Tumor samples were homogenized in Western blot lysis buffer and protein content was measured. Concentrations of IGF-IR, IR, and IGF were measured using the following ELISA kits according to the manufacturer's protocols: human IGF-I DuoSet, human total insulin R Duoset IC, and human total IGF-IR DuoSet IC (R&D Systems) and Active IGF-II ELISA Kit (Diagnostic Systems Laboratories).
Wounding assays were done using a modification of the procedure described previously (18). Briefly, six-well chambers were prepared by scratching registration marks onto the slide surface. Cells were plated, grown normally for 48 h, and starved overnight. Cells were cut with a cell scraper and five images were captured 24 h later on an Olympus IX 71S1F-2 microscope using a ×20 objective. For each experiment, two independent observers counted the number of migrating cells.
The results are presented as mean ± SE for each sample. The statistical significance of differences was determined by Student's two-tailed t test in two groups and done by one-way ANOVA in multiple groups and two-factor factorial ANOVA. Survival curves were constructed according to the method of Kaplan-Meier. P values < 0.05 were considered to indicate statistical significance.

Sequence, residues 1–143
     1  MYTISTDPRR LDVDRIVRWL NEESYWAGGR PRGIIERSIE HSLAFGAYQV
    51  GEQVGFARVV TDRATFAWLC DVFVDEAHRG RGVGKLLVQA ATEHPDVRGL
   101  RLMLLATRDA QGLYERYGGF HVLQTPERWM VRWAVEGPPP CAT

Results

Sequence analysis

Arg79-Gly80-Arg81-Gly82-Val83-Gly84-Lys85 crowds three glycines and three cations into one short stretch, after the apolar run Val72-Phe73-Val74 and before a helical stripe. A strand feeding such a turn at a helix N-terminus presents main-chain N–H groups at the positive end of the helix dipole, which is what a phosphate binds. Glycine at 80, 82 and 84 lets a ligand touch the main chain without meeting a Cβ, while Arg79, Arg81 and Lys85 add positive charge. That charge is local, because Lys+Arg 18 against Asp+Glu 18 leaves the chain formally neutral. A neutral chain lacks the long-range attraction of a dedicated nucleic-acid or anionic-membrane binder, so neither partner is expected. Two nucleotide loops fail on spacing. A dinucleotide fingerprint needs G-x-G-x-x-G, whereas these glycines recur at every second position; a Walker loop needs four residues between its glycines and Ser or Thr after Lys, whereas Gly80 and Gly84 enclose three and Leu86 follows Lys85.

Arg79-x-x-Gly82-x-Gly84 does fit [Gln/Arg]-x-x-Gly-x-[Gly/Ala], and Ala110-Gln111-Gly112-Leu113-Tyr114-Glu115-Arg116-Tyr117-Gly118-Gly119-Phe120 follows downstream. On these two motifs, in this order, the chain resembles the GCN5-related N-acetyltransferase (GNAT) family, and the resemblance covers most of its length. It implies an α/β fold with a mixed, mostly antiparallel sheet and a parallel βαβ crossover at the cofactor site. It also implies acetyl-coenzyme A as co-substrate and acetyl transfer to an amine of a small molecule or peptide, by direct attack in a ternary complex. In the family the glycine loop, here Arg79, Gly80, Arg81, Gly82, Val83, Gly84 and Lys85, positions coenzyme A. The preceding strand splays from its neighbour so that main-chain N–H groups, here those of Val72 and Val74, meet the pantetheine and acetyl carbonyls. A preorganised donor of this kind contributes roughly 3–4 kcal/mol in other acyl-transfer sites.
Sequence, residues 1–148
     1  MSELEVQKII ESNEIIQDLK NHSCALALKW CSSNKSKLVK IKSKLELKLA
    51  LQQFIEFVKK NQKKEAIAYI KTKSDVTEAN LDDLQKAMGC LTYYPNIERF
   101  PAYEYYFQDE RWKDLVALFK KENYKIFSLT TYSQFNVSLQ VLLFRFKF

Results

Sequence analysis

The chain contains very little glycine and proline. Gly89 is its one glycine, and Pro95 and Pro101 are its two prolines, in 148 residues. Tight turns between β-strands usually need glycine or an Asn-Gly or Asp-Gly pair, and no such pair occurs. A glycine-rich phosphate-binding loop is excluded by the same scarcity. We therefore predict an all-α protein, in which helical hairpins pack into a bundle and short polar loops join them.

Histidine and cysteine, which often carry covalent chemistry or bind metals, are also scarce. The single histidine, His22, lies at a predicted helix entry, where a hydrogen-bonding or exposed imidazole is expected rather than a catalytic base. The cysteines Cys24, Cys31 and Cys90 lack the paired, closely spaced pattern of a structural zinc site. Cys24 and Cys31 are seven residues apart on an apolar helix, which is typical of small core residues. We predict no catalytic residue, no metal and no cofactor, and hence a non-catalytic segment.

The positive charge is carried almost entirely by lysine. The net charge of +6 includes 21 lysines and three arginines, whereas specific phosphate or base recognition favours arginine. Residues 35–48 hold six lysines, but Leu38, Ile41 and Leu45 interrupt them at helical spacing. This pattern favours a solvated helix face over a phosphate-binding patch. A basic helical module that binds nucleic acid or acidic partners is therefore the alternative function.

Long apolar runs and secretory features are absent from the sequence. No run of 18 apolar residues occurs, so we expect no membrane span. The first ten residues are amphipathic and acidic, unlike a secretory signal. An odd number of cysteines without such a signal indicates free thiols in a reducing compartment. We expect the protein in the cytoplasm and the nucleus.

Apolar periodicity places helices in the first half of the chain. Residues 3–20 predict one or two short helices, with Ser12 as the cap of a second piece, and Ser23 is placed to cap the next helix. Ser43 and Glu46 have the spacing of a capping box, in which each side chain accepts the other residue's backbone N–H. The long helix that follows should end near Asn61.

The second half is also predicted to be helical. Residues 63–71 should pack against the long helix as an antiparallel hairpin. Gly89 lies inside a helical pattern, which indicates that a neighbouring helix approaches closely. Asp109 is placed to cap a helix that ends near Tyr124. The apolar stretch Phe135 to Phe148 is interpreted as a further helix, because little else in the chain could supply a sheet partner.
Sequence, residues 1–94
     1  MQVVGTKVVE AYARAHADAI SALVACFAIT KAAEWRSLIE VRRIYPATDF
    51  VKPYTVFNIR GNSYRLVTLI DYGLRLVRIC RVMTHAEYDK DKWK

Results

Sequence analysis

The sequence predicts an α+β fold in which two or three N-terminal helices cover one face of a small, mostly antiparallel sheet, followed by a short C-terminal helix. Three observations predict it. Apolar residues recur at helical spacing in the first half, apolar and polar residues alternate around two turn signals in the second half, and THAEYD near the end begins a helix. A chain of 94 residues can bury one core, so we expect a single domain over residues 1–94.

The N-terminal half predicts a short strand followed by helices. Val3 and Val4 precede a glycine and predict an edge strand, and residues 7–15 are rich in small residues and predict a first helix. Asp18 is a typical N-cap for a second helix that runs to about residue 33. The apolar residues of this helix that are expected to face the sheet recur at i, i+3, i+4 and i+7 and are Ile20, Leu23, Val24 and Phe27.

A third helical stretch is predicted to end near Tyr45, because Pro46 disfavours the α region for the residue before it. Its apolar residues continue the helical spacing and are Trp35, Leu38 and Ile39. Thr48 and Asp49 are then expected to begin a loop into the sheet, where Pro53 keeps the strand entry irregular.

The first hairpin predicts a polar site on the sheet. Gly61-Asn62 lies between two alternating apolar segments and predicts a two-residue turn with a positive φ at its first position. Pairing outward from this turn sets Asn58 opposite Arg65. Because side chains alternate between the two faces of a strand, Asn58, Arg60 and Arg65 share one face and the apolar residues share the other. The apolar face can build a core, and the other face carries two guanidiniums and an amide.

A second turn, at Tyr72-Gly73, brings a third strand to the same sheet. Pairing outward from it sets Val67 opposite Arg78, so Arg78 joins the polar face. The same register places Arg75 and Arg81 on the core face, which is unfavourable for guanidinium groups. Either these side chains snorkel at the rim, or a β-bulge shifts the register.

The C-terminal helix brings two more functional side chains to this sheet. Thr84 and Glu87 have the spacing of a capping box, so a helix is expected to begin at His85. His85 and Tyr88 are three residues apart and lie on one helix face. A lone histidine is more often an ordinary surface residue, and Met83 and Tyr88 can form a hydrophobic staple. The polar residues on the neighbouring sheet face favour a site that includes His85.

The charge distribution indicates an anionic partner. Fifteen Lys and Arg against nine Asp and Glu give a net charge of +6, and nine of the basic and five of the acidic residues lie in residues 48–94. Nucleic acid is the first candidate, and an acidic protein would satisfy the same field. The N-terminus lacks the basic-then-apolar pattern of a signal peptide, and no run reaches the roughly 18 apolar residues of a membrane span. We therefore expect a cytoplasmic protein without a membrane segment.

Blockade of Signal Transduction
To investigate the effect of NVP-AEW541 on the IGF/receptor axis, we examined four GI cancer cell lines: HT29, TE1, BxPC3, and PLC/PRF/5. First, we evaluated NVP-AEW541 activity in HT29 by immunoprecipitation with anti-IGF-IRα and immunoblotting for phosphorylated tyrosine and IGF-IRβ. NVP-AEW541 reduced IGF-I-induced phosphorylation of IGF-IR in a dose-dependent manner and 1.0 μmol/L NVP-AEW541 blocked it completely (Fig. 1A). Then, we assessed the downstream signaling pathways of IGF-IR. This TKI blocked phosphorylation of Akt-1 and ERK both basal and that induced by both ligands in a dose-dependent manner (Fig. 1B).
Similarly, in TE1 cells, NVP-AEW541 reduced ligand-induced IGF-IR autophosphorylation and phosphorylation of Akt-1 and ERK in a dose-dependent manner (Fig. 1A and B). In BxPC3 and PLC/PRF/5 cells, 1 μmol/L NVP-AEW541 also reduced the ligand-induced phosphorylation of IGF-IR and its downstream signal activity (Fig. 1C and D). Thus, AEW541 effectively interrupted phosphorylation of IGF-IR and its downstream signals in GI cancers.
Reduction of Cell Growth In vitro